When Austin Pratt was a kid, at night he dreamed of being a goalie.
By day he was a forward and that’s what he wanted to be, but the Red Deer Rebels right winger relished the chance to stop a few shots from his brother and dad.
“Every night before I went to bed I’d always have my brother and my dad shoot on me. I was always a player, goalie at night,” Pratt recalled.
From those days on the backyard rink, the one that his dad would build every winter for Pratt, his brother and sister, it was part of the equation where the Rebels forward grew to love the game.
The other was in the depths of Young Arena in Iowa, where the 17-year-old’s dad served as the chiropractor for the Waterloo Black Hawks of the United States Hockey League.
“I was so young I just thought it was cool to be able to be there and watch the games and just be alongside my father. The whole time was really cool,” he said.
Pratt added there were never any major hockey lessons learned when his dad toted him around the arena, but being around that environment, hockey became a way of life.
“(My Dad) would take me to the rink, I got to run around and met all the older guys. At the time I thought it was the coolest thing ever. He put me on skates and then every winter he would build us an outdoor rink. Me, my brother and my sister. We’d be out there all day skating,” the Lakeville, Minn., native remembered.
The six-foot-three, 205-pound forward has long been dedicated to the game and it’s starting to pay off. He was recently named in the top 100 of the NHL Central Scouting Midterm Draft rankings. At 84th, Pratt knows it’s no sure fire bet he’ll get drafted, but the rankings are something he definitely keeps an eye on.
“This year, definitely I do [pay attention],” Pratt said. “This year I follow it and it’s pretty cool.”
The rankings have affected players in the past and Rebels associate coach Jeff Truitt cautioned the winger not too take too much stock in them.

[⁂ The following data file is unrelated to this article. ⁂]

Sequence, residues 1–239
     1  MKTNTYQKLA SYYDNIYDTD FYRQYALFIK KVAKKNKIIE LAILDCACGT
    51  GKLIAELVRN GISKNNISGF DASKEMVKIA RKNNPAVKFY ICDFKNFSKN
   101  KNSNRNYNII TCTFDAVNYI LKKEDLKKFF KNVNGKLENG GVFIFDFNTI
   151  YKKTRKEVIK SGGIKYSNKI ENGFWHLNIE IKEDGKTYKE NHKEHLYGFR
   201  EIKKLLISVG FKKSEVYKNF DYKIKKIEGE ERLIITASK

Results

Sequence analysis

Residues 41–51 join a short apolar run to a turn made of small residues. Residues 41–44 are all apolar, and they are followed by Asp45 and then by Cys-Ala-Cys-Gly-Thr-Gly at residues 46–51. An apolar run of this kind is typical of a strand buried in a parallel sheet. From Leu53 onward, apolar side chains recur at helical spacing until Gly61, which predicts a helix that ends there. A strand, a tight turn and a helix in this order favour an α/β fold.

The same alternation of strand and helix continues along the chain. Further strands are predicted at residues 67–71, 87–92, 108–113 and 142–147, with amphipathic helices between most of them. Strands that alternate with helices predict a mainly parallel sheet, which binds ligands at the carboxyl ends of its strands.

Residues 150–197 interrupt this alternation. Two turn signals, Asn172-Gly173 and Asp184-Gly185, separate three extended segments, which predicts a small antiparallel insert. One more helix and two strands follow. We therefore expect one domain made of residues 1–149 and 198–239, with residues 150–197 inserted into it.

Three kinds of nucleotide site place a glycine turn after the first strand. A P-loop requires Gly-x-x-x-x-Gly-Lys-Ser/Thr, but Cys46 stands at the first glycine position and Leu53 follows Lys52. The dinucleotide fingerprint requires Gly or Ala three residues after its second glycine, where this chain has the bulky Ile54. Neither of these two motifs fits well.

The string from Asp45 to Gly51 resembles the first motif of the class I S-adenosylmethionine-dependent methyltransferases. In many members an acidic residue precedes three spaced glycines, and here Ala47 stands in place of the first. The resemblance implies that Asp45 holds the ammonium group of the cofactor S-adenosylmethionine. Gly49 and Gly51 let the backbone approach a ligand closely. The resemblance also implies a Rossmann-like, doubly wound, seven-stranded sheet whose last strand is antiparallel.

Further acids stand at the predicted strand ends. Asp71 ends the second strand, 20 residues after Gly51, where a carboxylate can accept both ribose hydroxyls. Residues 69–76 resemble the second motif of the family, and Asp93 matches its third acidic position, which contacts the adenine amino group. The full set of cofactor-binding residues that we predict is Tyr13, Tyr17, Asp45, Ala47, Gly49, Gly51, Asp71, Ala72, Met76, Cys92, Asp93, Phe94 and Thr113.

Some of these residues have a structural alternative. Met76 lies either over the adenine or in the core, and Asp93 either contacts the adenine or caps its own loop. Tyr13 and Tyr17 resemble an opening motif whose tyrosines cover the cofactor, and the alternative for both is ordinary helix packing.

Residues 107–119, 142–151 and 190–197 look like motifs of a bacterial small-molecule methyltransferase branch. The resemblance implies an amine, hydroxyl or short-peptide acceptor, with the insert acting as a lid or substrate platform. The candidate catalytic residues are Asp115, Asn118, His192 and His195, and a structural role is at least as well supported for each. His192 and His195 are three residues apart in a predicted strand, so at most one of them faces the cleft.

“I’ve seen where guys take a look at it and they either get way too high or way too low just because there is something that’s in print,” he said. “With a long way to go in the season and the playoffs, there’s so many things … right now it’s just a statement. It really doesn’t mean a ton. You just need one team that is really going to like you.”
Pratt already has a WHL career high in goals this season with 11 and 26 points through 46 games. He had just 12 points through 56 games last season.
“He’s a contributing offensive forward but also a power forward and good two-way guy. One thing I like about Austin’s game this year is he’s got better vision and anticipation on the ice. He’s a bigger guy, more confident in his shooting against the goaltenders in this league and he’s done a really good job,” Truitt added.
The right winger thinks his all around game will be a huge asset going forward.
“Size, speed, strength and I can finish,” he said. “I block shots, I can play just a team game for everyone.”
The development of a passion for that team game started back as a bantam player at Shattuck-St. Mary’s, a renowned high school hockey program where players like Sidney Crosby and Jonathan Toews strapped on the skates.
“It was great. Met some life-long friends. Just being around your teammates and going to school with them everyday, hanging out with them after practice. It’s definitely a cool experience,” Pratt said, while adding that winning as a team helped, too.
“Being at Shattuck, winning back-to-back national championships. Being the first bantam team to every win it. Then being the first U16 team to win it. Special moment in my hockey career.”
Pratt is taking it day-by-day in his second WHL season, hoping that plenty more of those special memories are still to come in his hockey career.